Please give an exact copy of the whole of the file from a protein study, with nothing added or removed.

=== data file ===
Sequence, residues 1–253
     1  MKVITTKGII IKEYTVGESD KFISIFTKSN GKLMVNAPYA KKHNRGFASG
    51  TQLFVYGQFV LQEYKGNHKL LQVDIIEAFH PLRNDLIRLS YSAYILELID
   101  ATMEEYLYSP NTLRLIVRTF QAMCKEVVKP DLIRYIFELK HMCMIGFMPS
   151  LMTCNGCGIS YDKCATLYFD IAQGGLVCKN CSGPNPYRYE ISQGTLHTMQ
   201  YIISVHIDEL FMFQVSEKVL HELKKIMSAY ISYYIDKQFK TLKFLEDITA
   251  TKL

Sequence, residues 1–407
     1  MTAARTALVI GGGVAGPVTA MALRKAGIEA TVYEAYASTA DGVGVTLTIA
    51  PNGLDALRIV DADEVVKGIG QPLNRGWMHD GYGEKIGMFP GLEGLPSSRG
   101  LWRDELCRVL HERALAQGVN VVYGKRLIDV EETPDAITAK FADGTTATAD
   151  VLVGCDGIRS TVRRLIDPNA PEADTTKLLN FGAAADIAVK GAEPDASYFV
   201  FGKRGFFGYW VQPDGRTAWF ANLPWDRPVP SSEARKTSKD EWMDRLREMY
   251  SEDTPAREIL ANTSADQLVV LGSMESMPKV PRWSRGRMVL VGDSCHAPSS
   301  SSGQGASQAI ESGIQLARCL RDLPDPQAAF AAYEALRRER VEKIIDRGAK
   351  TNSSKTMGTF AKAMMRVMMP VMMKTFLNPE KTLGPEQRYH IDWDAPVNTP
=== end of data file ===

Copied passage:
Sequence, residues 1–253
     1  MKVITTKGII IKEYTVGESD KFISIFTKSN GKLMVNAPYA KKHNRGFASG
    51  TQLFVYGQFV LQEYKGNHKL LQVDIIEAFH PLRNDLIRLS YSAYILELID
   101  ATMEEYLYSP NTLRLIVRTF QAMCKEVVKP DLIRYIFELK HMCMIGFMPS
   151  LMTCNGCGIS YDKCATLYFD IAQGGLVCKN CSGPNPYRYE ISQGTLHTMQ
   201  YIISVHIDEL FMFQVSEKVL HELKKIMSAY ISYYIDKQFK TLKFLEDITA
   251  TKL

Sequence, residues 1–407
     1  MTAARTALVI GGGVAGPVTA MALRKAGIEA TVYEAYASTA DGVGVTLTIA
    51  PNGLDALRIV DADEVVKGIG QPLNRGWMHD GYGEKIGMFP GLEGLPSSRG
   101  LWRDELCRVL HERALAQGVN VVYGKRLIDV EETPDAITAK FADGTTATAD
   151  VLVGCDGIRS TVRRLIDPNA PEADTTKLLN FGAAADIAVK GAEPDASYFV
   201  FGKRGFFGYW VQPDGRTAWF ANLPWDRPVP SSEARKTSKD EWMDRLREMY
   251  SEDTPAREIL ANTSADQLVV LGSMESMPKV PRWSRGRMVL VGDSCHAPSS
   301  SSGQGASQAI ESGIQLARCL RDLPDPQAAF AAYEALRRER VEKIIDRGAK
   351  TNSSKTMGTF AKAMMRVMMP VMMKTFLNPE KTLGPEQRYH IDWDAPVNTP